Michael Clark, manager of the £1bn Fidelity Moneybuilder Dividend fund, says that while the outlook for UK dividends is ominous, investors can still obtain income growth from certain FTSE-listed stocks.
Prompted by the desire to avoid higher taxes on dividends as part of President Obama's desired tax hikes on investment income in 2013, a record number of U.S. companies acted to pay out record levels of dividends in the final quarter of 2012 [Excel spreadsheet] .
By Parsimony Investment Research:On December 31, 2012, all of the Bush-era tax cuts are set to expire, including the very favorable 15% tax rate on qualified dividends. In addition, for individuals earning $200,000 and couples earning $250,000, there will also be a new 3.8% tax rate that comes as part of the Affordable Care Act on certain types of income, including dividends, capital gains and rental income. With no action between now and then, the top tax rate on dividends will nearly triple to 43.4%.
Interest rates are barely above zero in the US, but that may not last for long as the list of developed countries that are now at negative interest rates is growing.
The Bank of Japan joined the NIRP club in late January, and the outlook for income investors became even drearier.
Alex Trias submits:By now, most of us are familiar with the credit default swap, which is a derivative security that a bond investor may purchase as “insurance” against the bond issuer’s bankruptcy. If the bond issuer goes bankrupt, then the credit default swap issuer will pay the investor a pre-arranged amount, offsetting the investor’s losses on the bond.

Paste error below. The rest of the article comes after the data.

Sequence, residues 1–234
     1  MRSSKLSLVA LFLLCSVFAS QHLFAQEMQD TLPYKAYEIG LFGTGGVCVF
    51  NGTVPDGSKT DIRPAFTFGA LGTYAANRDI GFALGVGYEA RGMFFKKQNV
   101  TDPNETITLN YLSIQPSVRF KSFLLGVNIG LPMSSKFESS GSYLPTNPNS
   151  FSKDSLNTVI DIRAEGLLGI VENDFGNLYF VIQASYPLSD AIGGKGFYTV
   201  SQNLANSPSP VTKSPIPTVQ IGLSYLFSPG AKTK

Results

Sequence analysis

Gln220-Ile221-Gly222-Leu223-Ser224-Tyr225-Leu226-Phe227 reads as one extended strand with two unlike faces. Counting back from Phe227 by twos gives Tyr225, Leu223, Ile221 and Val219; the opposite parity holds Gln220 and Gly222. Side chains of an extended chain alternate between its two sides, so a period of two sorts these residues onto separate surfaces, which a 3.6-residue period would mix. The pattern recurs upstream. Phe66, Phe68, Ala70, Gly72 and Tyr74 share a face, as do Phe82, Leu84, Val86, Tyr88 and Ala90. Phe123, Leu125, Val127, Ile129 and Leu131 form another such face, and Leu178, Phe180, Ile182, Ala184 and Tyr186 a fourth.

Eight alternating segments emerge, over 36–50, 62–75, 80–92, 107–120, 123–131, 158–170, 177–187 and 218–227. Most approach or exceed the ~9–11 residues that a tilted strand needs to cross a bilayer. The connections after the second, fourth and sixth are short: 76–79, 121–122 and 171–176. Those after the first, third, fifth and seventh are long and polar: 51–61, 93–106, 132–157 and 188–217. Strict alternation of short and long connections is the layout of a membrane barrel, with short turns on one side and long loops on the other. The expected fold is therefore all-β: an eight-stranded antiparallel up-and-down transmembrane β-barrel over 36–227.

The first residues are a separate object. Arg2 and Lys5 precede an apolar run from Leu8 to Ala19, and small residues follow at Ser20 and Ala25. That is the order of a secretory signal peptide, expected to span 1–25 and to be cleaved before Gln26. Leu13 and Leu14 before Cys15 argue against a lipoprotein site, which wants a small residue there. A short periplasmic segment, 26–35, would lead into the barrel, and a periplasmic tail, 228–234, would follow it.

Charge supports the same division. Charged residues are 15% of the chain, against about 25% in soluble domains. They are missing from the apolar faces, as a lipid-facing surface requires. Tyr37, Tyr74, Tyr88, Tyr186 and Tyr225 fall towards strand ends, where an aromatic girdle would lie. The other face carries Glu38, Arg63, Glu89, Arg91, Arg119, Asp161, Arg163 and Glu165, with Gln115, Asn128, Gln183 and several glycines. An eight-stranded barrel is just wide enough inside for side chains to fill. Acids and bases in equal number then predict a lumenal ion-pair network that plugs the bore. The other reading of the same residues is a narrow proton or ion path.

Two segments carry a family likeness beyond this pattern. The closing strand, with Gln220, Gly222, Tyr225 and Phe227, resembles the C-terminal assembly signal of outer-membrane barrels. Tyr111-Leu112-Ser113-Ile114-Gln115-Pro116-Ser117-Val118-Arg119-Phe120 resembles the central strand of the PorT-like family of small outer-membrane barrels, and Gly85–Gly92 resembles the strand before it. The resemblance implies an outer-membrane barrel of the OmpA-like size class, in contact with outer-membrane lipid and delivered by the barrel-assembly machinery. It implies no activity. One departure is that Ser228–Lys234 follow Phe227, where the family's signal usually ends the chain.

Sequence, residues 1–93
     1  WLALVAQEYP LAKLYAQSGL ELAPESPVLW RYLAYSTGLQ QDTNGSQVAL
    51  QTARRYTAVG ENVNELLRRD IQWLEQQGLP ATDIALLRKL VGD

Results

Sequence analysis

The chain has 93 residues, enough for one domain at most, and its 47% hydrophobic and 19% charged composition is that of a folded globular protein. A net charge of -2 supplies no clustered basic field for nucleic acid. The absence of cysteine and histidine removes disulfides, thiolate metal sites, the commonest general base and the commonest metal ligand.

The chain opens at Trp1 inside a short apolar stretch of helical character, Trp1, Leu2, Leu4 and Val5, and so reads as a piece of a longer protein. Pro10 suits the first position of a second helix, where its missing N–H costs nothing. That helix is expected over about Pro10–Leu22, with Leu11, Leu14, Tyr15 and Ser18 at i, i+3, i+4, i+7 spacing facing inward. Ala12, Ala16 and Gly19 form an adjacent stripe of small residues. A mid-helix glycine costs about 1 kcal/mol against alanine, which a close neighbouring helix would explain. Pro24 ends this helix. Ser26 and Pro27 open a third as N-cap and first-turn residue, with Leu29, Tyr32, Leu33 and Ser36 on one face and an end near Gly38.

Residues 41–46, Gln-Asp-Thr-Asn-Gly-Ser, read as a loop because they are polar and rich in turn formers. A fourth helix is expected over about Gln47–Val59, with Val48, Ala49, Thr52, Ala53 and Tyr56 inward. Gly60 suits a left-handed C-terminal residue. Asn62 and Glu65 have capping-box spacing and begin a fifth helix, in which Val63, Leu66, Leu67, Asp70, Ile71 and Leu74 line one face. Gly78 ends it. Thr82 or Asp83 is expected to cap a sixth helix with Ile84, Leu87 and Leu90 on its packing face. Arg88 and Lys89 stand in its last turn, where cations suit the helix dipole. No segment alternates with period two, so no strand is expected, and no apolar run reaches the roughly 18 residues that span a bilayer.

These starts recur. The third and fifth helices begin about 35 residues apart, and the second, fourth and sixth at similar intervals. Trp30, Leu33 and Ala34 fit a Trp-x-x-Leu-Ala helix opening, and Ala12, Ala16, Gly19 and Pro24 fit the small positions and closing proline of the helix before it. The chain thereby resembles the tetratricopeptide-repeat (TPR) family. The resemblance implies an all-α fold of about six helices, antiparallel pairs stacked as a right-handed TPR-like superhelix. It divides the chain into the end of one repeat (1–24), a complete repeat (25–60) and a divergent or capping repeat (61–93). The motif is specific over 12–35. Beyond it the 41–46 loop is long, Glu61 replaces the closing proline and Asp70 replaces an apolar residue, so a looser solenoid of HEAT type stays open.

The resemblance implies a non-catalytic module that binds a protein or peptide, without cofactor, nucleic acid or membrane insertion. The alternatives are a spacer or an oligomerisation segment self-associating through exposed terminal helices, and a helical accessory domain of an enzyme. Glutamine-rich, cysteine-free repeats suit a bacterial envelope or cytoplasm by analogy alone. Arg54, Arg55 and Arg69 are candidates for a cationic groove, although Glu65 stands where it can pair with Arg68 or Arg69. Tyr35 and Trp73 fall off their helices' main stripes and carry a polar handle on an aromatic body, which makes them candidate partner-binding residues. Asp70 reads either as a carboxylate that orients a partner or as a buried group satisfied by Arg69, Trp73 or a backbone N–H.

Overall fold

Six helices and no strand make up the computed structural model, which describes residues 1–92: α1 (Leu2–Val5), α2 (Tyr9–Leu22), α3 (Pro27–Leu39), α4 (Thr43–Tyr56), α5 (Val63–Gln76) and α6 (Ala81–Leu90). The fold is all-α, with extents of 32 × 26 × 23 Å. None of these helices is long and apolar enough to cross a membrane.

According to Standard & Poor [Excel Spreadsheet], in March 2013, 73 publicly-traded companies in the U.S. acted to cut their dividends, the most since the all-time record of 93 was set in December 2012. To put those numbers in perspective, in a typical month when the U.S. economy is not being dragged down by recessionary conditions, fewer than 10 companies will act to cut their dividends.
On the first day of 2013, the amount of taxes that top U.S. stock market investors will have to pay on the dividends they earn will increase. The only question at this point is by how much. Will taxes on dividends rise from 15% to 18.8% because of the ObamaCare tax on investment income that will take effect on that date or will dividend taxes rise from 15% to 43.4% thanks to the additional tax increase related to the 2003 Bush-era tax cuts that are currently set to expire after the last day of 2012?
Jim Trippon submits:As income investors, we're normally looking for the companies that are in a position to continue paying their dividends. That's the bare minimum requirement. Taking things a step further, an income investor's research should delve deeper into a company's financials to evaluate the potential for future dividend increases.
Jim Trippon submits:We all know how the bank dividend story goes. Big money center banks based here in the U.S. and several of their large European counterparts got drunk off the easy money, easy credit cocktail that flowed so freely from 2005-2007.